Restore our parks
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There’s a reason National Parks have often been called America’s best idea. Since Yellowstone became the first-ever national park in 1872, we have developed a park system that is the envy of the world. But for decades now, through inconsistent and insufficient funding, we have allowed these unique national treasures to wither on the vine, threatening their survival for current and future generations to enjoy.

Our parks are more than just beautiful – they tell our story. Across our National Park System of 417 parks and more than 84 million acres unfolds the incredible history of America. Sites as diverse as Gettysburg National Military Park, Shenandoah National Park, the Martin Luther King Jr. National Historical Park, Birmingham Civil Rights National Monument, and Mesa Verde National Park encompass spectacular historic, cultural, and natural resources that tell the stories of remarkable people and events.

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We have a seemingly unquenchable thirst for the experiences our parks provide and the historic and cultural sites they include. Indeed, they are some of our nation’s most popular attractions. Last year, the system received more than 330 million peoplenearly matching 2016’s record-setting totals. In 2015 alone, visitor generated spending impacts totaling nearly $17 billion in nearby communities – supporting 295,300 jobs and providing a $32 billion boost to the national economy.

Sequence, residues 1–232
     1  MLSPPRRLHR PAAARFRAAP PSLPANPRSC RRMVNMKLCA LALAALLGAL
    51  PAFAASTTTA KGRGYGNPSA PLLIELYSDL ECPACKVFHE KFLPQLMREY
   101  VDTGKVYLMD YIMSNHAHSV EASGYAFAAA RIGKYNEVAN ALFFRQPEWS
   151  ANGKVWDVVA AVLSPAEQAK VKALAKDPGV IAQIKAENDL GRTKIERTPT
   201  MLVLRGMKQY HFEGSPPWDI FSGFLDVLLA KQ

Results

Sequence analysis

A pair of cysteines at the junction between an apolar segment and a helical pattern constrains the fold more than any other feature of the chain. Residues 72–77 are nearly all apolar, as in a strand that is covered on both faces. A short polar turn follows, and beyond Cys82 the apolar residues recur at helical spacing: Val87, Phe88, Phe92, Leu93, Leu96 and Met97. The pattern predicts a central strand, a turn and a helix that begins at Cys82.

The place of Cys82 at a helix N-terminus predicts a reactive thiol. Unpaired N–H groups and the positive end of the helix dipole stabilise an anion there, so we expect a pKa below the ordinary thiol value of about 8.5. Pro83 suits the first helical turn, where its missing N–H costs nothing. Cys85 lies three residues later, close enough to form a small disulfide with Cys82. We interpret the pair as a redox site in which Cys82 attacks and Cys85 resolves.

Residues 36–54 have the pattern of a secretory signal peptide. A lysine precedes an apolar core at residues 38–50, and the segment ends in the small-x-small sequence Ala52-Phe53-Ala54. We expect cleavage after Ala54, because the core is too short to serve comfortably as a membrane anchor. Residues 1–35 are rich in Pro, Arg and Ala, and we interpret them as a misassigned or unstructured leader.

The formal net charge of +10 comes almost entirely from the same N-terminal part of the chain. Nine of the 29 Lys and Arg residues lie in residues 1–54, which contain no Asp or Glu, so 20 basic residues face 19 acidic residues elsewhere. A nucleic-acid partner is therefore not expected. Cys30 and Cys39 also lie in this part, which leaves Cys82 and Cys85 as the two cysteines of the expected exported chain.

But as Secretary of the Interior Ryan ZinkeRyan Keith ZinkeSenate panel approves Interior nominee over objections from Democrats Interior's border surge puts more officers in unfamiliar role Not 'if' but 'when' is the next Deepwater Horizon spill? MORE has stated, we are loving our parks to death. Our demand for them, coupled with chronically erratic public funding, has resulted in a deferred maintenance backlog of approximately $11.6 billion. According to FY 2017 data, 47 percent of this backlog is attributed to historic assets—putting irreplaceable historic and cultural sites at risk of permanent damage or loss. For example, the Statue of Liberty National Monument in New York Harbor, which includes Ellis Island – iconic symbols of American freedom and immigration respectively – have repair needs of over $160 million. In the absence of sufficient and reliable funding over time, the condition of these assets will continue to deteriorate and become more expensive to repair and preserve in the future.